The scenario was hauntingly familiar: A train-load of German Jews were herded into a compound surrounded by armed guards and chain link fence topped by three strands of barbed wire. As soon as they entered the compound, the frightened, homeless people were asked to strip and step into the showers.

The time was Aug. 5, 1944. But the location was not a Nazi death camp in Germany or Austria, as you might expect. It was instead a refugee shelter for Holocaust victims in Oswego, N.Y., a place that was supposed to represent America's commitment to those "huddled masses yearning to breath free," but which now is only a sorry reminder of an embarrassingly inadequate chapter in U.S. history.Safe Haven (9 p.m., Ch. 7), a Peabody Award-winning documentary produced by PBS station WXXI in Rochester, N.Y., tells the heartbreaking story of America's feeble effort to respond to Nazi atrocities against European Jews. It presents strong documentation to its assertion that President Franklin D. Roosevelt knew of Adolf Hitler's "final solution" to the Jewish "problem" as early as 1942. And it wonders why the best the FDR administration could do was put up one group of 982 refugees in a spartan, concentration camp-like setting while millions suffered death and worse at the hands of the Nazis.

"The historical perspective was difficult for me, in that it changed forever my feelings about Franklin Roosevelt," said "Safe Haven" producer-writer-director Paul Lewis. "It was difficult to come to terms with the fact that FDR did absolutely nothing to end the Holocaust, even though he knew about it. It was angry as a Jew, and frustrated and embarrassed as an American."

That anger comes through clearly in the film, as it probes questions for which there are no easy answers. Why were these refugees treated almost as prisoners? Why did they have to fight for citizenship, education and the right to work? Why did it take so long for FDR to make an effort to provide some safety for persecuted Jews? Then, when he did make an effort, why was it only a token one? And why did he stop here?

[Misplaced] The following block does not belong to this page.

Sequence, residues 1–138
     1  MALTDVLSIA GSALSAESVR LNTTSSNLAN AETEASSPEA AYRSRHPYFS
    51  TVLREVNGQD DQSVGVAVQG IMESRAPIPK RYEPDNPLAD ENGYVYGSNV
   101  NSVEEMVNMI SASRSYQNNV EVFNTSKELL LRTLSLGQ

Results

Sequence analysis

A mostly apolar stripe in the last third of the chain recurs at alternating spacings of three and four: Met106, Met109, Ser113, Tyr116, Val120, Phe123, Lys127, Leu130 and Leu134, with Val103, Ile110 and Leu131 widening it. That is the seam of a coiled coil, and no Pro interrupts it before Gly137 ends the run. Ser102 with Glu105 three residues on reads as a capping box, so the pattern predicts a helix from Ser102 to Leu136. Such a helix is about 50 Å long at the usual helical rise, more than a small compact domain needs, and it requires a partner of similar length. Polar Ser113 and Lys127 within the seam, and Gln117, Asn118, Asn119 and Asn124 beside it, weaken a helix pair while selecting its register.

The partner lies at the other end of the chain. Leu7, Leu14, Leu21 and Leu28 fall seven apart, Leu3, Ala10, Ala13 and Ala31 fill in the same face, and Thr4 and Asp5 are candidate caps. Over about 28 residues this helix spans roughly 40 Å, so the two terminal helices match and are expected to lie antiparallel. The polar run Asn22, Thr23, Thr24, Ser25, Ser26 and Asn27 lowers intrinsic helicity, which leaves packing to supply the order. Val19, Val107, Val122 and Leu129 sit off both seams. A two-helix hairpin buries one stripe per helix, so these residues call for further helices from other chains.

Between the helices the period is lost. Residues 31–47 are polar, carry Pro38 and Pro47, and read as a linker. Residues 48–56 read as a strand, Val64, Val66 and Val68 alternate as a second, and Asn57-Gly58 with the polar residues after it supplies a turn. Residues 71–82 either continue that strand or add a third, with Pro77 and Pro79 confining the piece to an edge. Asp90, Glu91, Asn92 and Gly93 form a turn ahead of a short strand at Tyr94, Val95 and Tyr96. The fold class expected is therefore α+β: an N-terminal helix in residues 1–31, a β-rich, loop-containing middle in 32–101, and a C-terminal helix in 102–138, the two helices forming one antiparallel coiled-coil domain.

Sadly, "Safe Haven" isn't able to provide many answers. But to its credit, it doesn't spend the entire hour dumping on the Roosevelt administration, either. In fact, most of the Oswego refugees who appear in the documentary have only kind things to say about their new "homeland."

"America is the land of opportunity to these people," Lewis explained. "They are as proud as anyone I know of being Americans. Just watch their faces light up when they speak about the Statue of Liberty."

Lewis also has positive things to say about Americans like Joseph Smart, a Utahn who was director of the shelter and who eventually led a national effort to save the refugees from forced return to their homelands, and Oswego's high school principal, who made it possible for the refugee children to attend his school.

And he makes it clear that the real heroes here are the refugees themselves, many of whom have risen above their shabby introduction to democracy to make important contributions to science, literature, medicine and the arts.

But the film leaves you wondering, as former refugee Adam Munz says at one point, "how many millions more if we had rescued them and they had survived would have contributed to society in a meaningful way? Whether as bricklayers or doctors, as train conductors or professors, it doesn't matter. They could have become productive members of society. Instead they are fertilizing fields somewhere."